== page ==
Date of Award


Degree Name

Doctor of Philosophy


Computer Engineering


David H. Williams


This dissertation describes a utilization-based power modeling approach that makes use of the /proc file system and is applied to estimating power load and energy consumption of high performance computer clusters. A full cluster power model is specified that meets the following conditions: 1) provides accurate energy estimates; 2) consists of a minimal number of variables; and 3) the selected variables provide a sufficient degree of explanation of the primary OS level contributors to power consumption. The cluster power model is based on analysis at the system or compute-node level, where various models are developed and evaluated. All models described in the current work are characterized by the set of variables that make up a system activity matrix (which is a sample of the utilization of a compute node from the /proc file system) and are specified by the corresponding values of the coefficients resulting from least squares minimization. System and cluster level models are evaluated using criteria that include the average of the sum of the squared residuals and the coefficient of determination. The primary assumptions in this work are 1) changes in system level utilization counters found in the /proc file system are linked to power loads captured by external Watt meters connected in series to compute nodes and 2) model coefficients derived from metered compute nodes characterize power loads non-metered compute nodes because the nodes are homogeneous. Thus, full cluster model power loads and energy consumption are obtained by applying model coefficients to cluster wide /proc based activity matrices captured for each compute node involved in a high performance computing benchmark computation. An R GUI is developed to facilitate selection of variables for the general model as well as for in-depth analysis of the links between system utilization and power consumption at the compute nodes. Results show that the /proc file system can be used to train sufficiently accurate system level models. Resulting model coefficients can be applied to activity matrices generated by arbitrary cluster nodes to estimate that node's power load and total energy consumption. This approach is different from extrapolating results from a single node to all nodes of a cluster.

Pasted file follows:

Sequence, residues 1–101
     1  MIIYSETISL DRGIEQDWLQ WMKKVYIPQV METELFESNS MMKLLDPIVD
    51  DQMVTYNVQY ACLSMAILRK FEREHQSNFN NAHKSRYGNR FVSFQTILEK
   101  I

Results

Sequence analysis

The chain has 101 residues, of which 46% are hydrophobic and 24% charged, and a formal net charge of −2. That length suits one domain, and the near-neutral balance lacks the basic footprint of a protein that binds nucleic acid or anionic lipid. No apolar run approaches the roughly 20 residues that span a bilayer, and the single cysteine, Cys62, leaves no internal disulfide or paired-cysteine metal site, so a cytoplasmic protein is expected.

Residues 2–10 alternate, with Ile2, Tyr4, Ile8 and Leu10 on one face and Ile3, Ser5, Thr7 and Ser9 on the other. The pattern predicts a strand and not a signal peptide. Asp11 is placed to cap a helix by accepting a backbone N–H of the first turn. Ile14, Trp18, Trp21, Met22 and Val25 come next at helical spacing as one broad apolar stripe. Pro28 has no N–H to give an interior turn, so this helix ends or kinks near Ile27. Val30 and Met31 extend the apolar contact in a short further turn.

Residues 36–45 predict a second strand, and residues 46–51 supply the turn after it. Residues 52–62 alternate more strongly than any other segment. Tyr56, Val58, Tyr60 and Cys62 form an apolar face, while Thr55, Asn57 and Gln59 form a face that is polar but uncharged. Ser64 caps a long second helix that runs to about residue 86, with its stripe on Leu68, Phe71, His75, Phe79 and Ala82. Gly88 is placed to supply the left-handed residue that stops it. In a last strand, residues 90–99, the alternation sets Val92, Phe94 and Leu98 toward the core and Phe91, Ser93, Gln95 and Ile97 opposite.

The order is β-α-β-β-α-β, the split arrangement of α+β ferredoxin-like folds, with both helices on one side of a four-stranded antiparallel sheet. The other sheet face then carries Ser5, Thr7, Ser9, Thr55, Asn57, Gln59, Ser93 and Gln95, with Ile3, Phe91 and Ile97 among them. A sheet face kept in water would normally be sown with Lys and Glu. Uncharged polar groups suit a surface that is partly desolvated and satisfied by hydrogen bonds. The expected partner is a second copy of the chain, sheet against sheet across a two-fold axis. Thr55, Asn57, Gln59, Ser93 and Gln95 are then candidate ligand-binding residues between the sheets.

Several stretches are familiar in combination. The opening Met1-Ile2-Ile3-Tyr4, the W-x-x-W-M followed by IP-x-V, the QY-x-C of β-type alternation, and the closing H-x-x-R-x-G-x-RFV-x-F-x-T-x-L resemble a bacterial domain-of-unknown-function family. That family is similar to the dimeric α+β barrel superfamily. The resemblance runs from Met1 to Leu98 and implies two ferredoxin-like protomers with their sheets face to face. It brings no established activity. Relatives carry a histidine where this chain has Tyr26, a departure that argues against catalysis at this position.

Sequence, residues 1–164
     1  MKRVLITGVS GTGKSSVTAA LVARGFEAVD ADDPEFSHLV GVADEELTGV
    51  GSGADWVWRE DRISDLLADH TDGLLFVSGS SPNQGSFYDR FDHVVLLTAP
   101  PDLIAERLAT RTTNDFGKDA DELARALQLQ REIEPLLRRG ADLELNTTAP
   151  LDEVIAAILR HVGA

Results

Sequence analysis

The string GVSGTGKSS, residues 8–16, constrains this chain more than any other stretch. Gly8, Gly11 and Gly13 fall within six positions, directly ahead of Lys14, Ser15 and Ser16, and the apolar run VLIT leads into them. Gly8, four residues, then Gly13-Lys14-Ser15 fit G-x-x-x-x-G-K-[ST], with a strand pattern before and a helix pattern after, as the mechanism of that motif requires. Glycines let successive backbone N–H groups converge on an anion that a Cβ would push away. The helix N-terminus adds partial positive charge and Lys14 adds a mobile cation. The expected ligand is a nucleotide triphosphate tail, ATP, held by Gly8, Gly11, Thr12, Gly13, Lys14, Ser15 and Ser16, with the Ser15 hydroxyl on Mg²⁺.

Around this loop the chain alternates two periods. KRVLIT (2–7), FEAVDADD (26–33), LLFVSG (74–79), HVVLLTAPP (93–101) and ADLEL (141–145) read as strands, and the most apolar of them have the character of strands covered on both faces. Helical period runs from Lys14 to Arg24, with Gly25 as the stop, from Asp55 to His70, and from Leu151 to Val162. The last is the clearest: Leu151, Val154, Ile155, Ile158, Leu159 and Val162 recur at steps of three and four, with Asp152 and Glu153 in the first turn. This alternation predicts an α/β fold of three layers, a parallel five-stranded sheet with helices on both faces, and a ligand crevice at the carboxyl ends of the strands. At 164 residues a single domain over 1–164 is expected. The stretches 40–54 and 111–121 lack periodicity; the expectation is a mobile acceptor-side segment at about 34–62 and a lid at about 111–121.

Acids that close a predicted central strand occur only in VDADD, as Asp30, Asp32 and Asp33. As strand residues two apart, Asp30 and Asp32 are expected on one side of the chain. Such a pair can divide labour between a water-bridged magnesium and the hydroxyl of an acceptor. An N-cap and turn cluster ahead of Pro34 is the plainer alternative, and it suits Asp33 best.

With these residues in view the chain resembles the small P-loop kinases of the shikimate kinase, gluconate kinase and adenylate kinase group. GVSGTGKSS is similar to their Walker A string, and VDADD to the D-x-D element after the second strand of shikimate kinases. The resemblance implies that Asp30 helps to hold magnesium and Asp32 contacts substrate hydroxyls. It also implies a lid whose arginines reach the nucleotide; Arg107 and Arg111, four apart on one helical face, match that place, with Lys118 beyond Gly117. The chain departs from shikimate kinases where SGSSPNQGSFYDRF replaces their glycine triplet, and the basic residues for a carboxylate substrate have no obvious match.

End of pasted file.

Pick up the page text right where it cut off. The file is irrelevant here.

Received from ProQuest

File Size

291 pages

File Format


Rights Holder

Mario Caire